Protzen accuses A Pattern Language of being prescriptively rigid, essentially of being a pattern book, and methodologically unscientific, having no grounding in anything other than Alexander’s own cultural and subjective preferences. Alexander’s response is a critique of both scientific objectivity and cultural relativism. Sounding very much like a latter day Victorian critic of industrial modernity, Alexander intones: “In the great medieval period of Christian art and in the great period of Islamic art, the artists were able to express such immense feeling because they worked day after day, modifying what they did … able to come closer and closer to ‘the One’ …” (p. 177). From an empirical, scientific point of view, such statements amounted to nothing less than mysticism, veiling the cultural distinctions, material conditions, and political disagreements among actual users, designers and clients.

It is clear from such exchanges that the immense quantity of interdisciplinary work produced at the College of Environmental Design never led to any identifiable “Berkeley School” but rather to a fascinating set of opposing responses to the economic, political, and technological complexities of architectural practice. While the book as a diverse compilation of discourses makes no unified argument concerning the main episodes, legacies, or failures of the various Berkeley experiments, several moments seem to stand out. First, in the critical period of the late 1960s, there seems to have been an irreconcilable contradiction between the deeply anti-authoritarian, anti-professional ethos of the Counterculture and the ever more highly specialized expertise and methods developed by the various architectural researchers. Second, the reaction against modernism in the 1960s and 70s seems to have taken two opposing directions: towards an advocacy-based immersion in the social scientific study of various users and the development of an anti-modernist (including post-modernist), increasingly formalist design methodology.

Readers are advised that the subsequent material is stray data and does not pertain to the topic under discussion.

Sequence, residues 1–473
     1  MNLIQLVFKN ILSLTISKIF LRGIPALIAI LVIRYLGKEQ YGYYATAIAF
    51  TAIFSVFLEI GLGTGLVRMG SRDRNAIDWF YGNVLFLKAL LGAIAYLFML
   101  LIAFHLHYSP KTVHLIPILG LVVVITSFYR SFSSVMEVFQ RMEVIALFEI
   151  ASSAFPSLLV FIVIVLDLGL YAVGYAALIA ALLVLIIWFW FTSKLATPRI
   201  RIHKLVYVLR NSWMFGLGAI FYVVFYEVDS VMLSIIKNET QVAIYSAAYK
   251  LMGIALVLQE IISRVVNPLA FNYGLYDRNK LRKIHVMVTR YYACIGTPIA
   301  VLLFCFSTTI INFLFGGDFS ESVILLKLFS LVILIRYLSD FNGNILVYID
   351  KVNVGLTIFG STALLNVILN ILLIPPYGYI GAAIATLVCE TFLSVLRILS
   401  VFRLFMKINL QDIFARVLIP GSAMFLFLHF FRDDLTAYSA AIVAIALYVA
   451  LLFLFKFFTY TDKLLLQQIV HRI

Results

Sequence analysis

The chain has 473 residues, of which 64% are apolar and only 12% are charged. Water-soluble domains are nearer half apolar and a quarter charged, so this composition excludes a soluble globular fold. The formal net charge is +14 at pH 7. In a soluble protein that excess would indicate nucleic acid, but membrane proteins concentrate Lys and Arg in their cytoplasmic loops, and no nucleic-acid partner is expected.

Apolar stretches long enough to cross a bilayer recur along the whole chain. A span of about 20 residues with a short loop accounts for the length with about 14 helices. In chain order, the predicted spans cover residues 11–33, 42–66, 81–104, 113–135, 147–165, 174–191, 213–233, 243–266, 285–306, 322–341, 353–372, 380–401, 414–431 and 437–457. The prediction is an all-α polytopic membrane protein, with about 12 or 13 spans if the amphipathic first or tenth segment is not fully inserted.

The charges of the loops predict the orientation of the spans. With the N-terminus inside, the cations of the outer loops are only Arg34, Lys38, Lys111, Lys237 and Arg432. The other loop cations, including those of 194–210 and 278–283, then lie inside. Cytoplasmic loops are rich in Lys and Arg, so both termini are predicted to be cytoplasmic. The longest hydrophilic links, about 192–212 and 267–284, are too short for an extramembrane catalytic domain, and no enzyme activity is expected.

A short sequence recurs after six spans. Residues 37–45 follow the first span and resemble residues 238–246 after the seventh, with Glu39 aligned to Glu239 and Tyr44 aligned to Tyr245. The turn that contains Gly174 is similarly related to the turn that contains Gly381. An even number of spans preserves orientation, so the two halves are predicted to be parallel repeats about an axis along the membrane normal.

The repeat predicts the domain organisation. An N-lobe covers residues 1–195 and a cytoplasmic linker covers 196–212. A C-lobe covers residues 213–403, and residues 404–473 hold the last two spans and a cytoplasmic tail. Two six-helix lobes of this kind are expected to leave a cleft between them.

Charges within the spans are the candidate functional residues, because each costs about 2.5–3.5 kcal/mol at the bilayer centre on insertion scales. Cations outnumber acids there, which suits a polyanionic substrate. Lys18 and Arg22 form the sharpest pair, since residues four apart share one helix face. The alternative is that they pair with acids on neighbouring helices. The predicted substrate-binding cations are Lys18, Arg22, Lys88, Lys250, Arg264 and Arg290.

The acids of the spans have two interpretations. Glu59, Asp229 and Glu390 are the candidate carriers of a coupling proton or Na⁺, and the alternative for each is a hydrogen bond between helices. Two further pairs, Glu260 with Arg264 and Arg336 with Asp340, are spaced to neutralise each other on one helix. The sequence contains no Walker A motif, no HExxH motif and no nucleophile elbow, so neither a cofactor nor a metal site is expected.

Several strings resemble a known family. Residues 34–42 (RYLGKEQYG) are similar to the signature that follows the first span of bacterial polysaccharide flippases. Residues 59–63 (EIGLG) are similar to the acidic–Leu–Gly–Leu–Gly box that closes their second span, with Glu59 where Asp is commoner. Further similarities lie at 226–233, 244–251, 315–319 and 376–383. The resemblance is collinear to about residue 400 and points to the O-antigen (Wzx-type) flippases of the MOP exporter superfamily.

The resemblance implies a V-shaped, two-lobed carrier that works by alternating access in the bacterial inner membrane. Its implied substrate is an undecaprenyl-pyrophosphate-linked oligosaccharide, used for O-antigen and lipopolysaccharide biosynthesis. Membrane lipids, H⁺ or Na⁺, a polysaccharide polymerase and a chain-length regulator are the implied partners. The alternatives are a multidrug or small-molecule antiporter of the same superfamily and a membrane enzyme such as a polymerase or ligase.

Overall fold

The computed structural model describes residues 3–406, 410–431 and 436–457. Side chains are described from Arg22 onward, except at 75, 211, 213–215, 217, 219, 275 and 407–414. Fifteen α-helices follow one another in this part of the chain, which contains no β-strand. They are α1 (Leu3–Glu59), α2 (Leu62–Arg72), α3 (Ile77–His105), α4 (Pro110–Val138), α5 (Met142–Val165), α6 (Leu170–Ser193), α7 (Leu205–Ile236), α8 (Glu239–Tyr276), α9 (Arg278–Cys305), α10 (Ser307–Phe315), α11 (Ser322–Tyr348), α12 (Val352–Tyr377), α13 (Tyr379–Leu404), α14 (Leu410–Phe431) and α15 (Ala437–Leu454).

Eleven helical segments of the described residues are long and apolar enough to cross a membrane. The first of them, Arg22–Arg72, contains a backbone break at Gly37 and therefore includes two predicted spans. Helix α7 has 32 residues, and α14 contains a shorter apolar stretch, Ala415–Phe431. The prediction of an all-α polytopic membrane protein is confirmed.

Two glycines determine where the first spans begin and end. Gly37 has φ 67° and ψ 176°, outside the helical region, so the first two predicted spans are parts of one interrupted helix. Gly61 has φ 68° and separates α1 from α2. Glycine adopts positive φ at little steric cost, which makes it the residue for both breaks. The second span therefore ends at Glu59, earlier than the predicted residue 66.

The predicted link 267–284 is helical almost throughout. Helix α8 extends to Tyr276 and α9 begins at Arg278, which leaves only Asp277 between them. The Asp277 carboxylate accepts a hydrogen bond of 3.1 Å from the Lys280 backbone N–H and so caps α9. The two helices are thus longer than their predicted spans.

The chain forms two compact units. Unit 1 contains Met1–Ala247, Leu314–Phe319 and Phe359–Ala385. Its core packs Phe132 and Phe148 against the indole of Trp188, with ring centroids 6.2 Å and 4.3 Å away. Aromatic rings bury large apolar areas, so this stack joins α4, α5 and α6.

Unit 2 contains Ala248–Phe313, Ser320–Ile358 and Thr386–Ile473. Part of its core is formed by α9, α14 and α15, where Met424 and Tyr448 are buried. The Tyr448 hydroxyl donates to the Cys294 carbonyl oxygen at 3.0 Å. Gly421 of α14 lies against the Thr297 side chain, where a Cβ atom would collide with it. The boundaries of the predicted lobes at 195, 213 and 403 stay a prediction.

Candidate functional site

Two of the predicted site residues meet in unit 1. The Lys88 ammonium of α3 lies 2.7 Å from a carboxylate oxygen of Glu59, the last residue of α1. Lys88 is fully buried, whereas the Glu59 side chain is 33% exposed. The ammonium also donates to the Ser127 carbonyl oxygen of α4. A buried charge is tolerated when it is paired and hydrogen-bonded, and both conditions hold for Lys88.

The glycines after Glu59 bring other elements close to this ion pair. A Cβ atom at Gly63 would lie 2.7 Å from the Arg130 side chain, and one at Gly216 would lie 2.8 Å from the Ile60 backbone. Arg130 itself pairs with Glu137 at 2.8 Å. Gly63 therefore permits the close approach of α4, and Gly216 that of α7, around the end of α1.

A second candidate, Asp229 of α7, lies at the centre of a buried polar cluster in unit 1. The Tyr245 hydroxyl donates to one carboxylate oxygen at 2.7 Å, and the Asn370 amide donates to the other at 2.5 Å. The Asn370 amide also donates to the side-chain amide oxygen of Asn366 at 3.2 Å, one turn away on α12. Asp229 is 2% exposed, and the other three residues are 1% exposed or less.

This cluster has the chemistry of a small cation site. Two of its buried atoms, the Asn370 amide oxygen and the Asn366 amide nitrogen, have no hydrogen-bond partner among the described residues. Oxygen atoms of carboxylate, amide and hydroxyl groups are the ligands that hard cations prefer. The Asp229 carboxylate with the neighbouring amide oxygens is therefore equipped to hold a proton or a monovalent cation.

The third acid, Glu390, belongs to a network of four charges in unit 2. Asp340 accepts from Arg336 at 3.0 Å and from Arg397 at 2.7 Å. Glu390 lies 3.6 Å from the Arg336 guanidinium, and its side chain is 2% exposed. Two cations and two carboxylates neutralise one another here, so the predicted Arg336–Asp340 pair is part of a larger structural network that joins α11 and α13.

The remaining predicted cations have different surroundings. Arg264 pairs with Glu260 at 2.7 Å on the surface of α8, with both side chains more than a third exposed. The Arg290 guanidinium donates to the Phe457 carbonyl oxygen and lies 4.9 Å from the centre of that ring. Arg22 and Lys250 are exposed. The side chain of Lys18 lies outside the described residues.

Finally, the failure, implied in the book, of Berkeley’s utopian attempt to combine social science with social concern avoids what certainly seems to be at the political and economic center of this failure: namely, that the sophisticated research methods developed at Berkeley added yet another layer to the professional cost of architecture, a cost more likely today to be wielded by international corporations than by under-served community groups. A history has yet to be written on the legacy of the Berkeley experiments in the context of global, and increasingly corporate capitalism.


War Furniture

by Jason Weems

From Boom Spring 2012, Vol. 2, No. 1

Charles and Ray Eames Design for the Wounded Body

The influence of husband and wife design team Charles and Ray Eames is ubiquitous in American culture and encompasses an array of expressive forms from architecture, interior design and furniture to the graphic arts, cinema, photography and educational exhibitions. Most well known, the Eameses’ chairs with their smooth surfaces and biomorphic contours have become signature forms of postwar California culture and icons of modern design.

Photograph of Eames Splint in Use, circa 1943. (Source: Donald Albrecht, World War Two and The American Dream, 1995, P. 60) Image Courtesy Of The Library Of Congress.